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Paraneoplastic erythroderma: unusual presentation secondary to diffuse large B cell lymphoma
  1. Puo Nen Lim1,
  2. Christopher P Fox2,
  3. Manjula Pammi1 and
  4. Anand Patel3
  1. 1 Department of Genitourinary Medicine, Nottingham University Hospitals NHS Trust, Nottingham, UK
  2. 2 Department of Clinical Haematology, Nottingham University Hospitals NHS Trust, Nottingham, UK
  3. 3 Department of Dermatology, Nottingham University Hospitals NHS Trust, Nottingham, UK
  1. Correspondence to Dr Puo Nen Lim, puonenlim{at}


A 34-year-old HIV-positive man presented in clinic with generalised erythroderma, having been lost to follow-up for the previous 3 years. He was CD4 lymphopenic (100×106/L) and was antiretroviral therapy naive. Initial histology from a skin punch biopsy was non-specific and he was treated with topical steroids and emollients for a suspected eczema. However, the erythroderma worsened with development of cervical lymphadenopathy and significant weight loss over a 6-week period. An incisional biopsy from the left tonsil confirmed a diagnosis of diffuse large B-cell lymphoma. The erythroderma was considered to be a paraneoplastic skin phenomenon. The patient received rituximab, cyclophosphamide, doxorubicin hydrochloride, vincristine and prednisolone (CHOP) immunochemotherapy with gradual but complete resolution of the erythroderma. Paraneoplastic dermatoses can manifest as first clinical sign of underlying malignancy, heralding a cancer diagnosis. This is particularly important in people living with HIV given the increased incidence of malignancy in this patient group.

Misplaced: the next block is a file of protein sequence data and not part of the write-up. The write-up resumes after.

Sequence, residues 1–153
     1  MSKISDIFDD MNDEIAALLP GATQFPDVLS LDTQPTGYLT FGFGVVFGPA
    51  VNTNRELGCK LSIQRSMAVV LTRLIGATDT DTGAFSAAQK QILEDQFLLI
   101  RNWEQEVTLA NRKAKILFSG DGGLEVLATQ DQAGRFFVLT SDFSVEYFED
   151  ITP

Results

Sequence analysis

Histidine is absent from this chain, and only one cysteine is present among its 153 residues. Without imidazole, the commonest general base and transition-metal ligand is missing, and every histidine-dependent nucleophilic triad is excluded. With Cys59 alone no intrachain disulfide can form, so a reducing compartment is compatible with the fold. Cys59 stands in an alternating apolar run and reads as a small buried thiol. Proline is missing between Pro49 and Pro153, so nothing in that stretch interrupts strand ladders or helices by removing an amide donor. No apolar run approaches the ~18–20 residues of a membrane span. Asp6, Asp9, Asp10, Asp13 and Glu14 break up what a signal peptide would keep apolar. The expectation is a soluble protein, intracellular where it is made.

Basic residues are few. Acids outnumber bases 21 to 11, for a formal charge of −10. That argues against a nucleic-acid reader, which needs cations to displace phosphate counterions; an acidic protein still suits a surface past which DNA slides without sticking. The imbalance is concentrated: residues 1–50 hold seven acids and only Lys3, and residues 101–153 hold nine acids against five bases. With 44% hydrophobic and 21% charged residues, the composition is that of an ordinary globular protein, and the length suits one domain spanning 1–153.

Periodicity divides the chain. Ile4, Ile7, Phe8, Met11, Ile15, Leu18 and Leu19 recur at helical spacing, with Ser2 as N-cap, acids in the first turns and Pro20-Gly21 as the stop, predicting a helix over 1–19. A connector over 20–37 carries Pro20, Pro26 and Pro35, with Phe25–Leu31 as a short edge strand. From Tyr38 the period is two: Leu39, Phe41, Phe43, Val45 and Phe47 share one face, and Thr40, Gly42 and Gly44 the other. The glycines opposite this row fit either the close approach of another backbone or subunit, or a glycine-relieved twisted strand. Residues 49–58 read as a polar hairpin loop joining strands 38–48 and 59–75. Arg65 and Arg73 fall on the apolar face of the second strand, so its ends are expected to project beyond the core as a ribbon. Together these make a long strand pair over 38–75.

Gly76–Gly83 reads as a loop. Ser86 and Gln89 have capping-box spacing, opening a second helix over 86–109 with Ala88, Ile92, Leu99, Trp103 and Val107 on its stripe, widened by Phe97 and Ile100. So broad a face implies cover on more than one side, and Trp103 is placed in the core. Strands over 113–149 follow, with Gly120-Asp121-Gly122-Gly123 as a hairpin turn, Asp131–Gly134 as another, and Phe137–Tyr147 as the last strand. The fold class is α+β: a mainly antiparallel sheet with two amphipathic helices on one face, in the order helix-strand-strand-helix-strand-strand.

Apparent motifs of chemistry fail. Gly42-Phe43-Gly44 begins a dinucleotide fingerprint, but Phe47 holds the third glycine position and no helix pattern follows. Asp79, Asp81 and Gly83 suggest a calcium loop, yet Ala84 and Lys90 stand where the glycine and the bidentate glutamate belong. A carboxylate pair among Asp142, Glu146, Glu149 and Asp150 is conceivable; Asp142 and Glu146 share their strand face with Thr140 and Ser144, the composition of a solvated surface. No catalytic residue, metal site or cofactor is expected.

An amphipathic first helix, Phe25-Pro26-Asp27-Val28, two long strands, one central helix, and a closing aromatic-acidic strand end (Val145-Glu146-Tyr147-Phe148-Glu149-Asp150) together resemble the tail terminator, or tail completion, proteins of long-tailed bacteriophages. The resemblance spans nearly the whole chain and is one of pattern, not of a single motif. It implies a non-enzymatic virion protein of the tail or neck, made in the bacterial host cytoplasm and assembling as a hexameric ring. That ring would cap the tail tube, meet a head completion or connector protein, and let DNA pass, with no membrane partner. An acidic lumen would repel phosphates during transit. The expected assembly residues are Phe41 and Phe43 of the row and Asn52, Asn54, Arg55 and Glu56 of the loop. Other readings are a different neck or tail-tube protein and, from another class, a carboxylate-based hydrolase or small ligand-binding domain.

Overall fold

• haematology (incl blood transfusion)
  • dermatology
  • HIV / AIDS

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  • Contributors PNL collated the data and wrote the first draft. CPF provided consultant care for the patient in treatment of DLBCL and reviewed the manuscript. MP provided consultant care in treatment of HIV and reviewed the manuscript. AP reviewed the clinical notes and manuscript.

  • Funding The authors have not declared a specific grant for this research from any funding agency in the public, commercial or not-for-profit sectors.

  • Competing interests None declared.

  • Provenance and peer review Not commissioned; externally peer reviewed.

  • Patient consent for publication Obtained.

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